Making a career out of Real Estate

Making a career out of Real Estate

by -

061207CAREER copy.jpg
Put those endless 9 to 5, pencil-pushing, desk-sitting doldrums to an end by taking a step beyond the desk into a new job opportunity: real estate.

Many professionals are drawn to real estate because of the freedom, excitement and – if you’re good at it – hefty pay. “Your own dedication affects your paycheck,” says Meghan Ferguson, agent with Coldwell Banker West Shell. “If you’re a go-getter, you get paid accordingly.”

Agents are also drawn to the opportunity to set their own hours – making their own appointments, days off, etc. Ferguson chooses to work every day, unless she’s in another city: “I’m out of town a lot more than I used to be,” she laughs.

Others become agents because they have the disposition for the business. Ferguson was one of these: “My father was a salesman and always pushed me toward it, but I was always like, ‘Ugh.’ I thought it was all corporate,” Ferguson says. “But then I realized that sales was just building relationships and helping people. I’d already been doing that my whole life. It seemed like the perfect fit for me.”

Aside from the monetary benefits, selling real estate can be a positive experience, Ferguson says. “Every time you go after a sale or project, you set a goal for yourself and your client. Helping them in a very important step in their lives is very rewarding,” she says.

Real estate is generally acknowledged as a fast-paced profession, so one thing to keep in mind before committing is deciding whether you can juggle the rest of your life (family, hobbies, etc.) with the market. “It is possible,” Ferguson says. “You end up having to schedule that time. Put your family commitment first, and schedule your appointments around that.”

Training to become an agent takes six weeks if the classes are everyday, but you can accommodate it to your lifestyle, Ferguson says. “Some people who have another job can still keep that job. It’s pretty flexible in that sense,” she says. Some real estate companies will pay for future agents’ training, once that prospective agent is officially licensed and under contract with that agency.

The first integral step to real estate is getting a mentor, someone who’s been in the business for a long time, Ferguson says, since the fast-paced market can be scary when you’re starting out. “It’s better to team up with somebody who knows their business, and then change their technique to work for you,” she says.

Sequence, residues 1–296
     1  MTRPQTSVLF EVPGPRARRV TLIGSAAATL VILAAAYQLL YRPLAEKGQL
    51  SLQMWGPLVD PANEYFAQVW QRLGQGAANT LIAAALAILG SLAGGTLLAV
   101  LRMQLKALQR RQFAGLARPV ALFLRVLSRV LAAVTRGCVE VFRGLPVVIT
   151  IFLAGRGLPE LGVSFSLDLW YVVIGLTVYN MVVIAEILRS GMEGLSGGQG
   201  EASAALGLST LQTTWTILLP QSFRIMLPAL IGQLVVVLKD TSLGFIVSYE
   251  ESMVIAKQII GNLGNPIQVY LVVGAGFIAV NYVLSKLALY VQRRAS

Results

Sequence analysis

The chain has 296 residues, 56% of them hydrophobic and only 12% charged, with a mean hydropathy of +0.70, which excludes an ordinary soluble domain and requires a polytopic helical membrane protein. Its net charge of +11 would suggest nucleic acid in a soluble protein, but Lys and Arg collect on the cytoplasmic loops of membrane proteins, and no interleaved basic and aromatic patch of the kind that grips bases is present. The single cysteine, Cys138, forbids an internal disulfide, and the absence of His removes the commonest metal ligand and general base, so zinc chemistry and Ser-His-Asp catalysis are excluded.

Although newcomers to the market can get started fairly quickly, Ferguson advises future agents to put money aside before beginning training. “Go in expecting not to make money your first year. And if you do, that’s fine. But if you can stick to it for a full year, your second year will pay you back,” she says.

According to Ferguson, by the second year, the agent has forged connections with clients, which in turn yields referrals, some of which Ferguson says she had no idea how they’d heard of her. “I don’t have to go out and actively pursue leads, but in the first year, that’s all you’re focused on.”

More experience also brings a specialty, whether an agent’s expertise is in selling condos, homes, land or property. Ferguson recommends trying them all, and then going with the one you feel most comfortable with.

Another decision to consider in real estate is which company you should become a part of. Different companies offer different benefits and programs, so finding a company that fits your needs is essential.

Cincinnati-based Huff Realty is very agent-centric, says Joy Amann, chief operating officer of the Ft. Mitchell location.

“The ability to facilitate and manage it to its final success is all provided for our agents and clients alike in a manner that just really gives them a competitive advantage,” Amann says.

Huff also pays for continued education classes, says Angie Sabet, an agent with Huff Realty for nine months. “I interviewed with three managers before I chose Huff,” she says. “During training, I followed my poor manager around for weeks before I felt comfortable enough to be on my own.”

Chuck Thompson, owner of EXIT Realty’s Cincinnati branch, says EXIT differs from other realty companies in many ways, namely in different programs set up to reward exemplary agents.

The way an agent’s commission is split is one of EXIT’s benefits. Most agents start out with 50/50 at other companies, Thompson says. EXIT, however, splits commission 70/30 no matter what, but agents who have earned $100,000 in gross commission in one year earn 90 percent of profits for the rest of the year.

EXIT agents are also rewarded for referring other agents for the company, Thompson says. If an agent refers another agent to EXIT, he or she will receive 10 percent of the gross commission every time the referral closes a deal, with a maximum of $10,000 given per agent per year, just for sponsoring.

This referral percentage is rewarded to an agent even after the agent has left the company (as long as the agent doesn’t join another real estate company) at 7 percent of the commission, and after death, 5 percent of each referral’s commission is given to the agent’s beneficiary.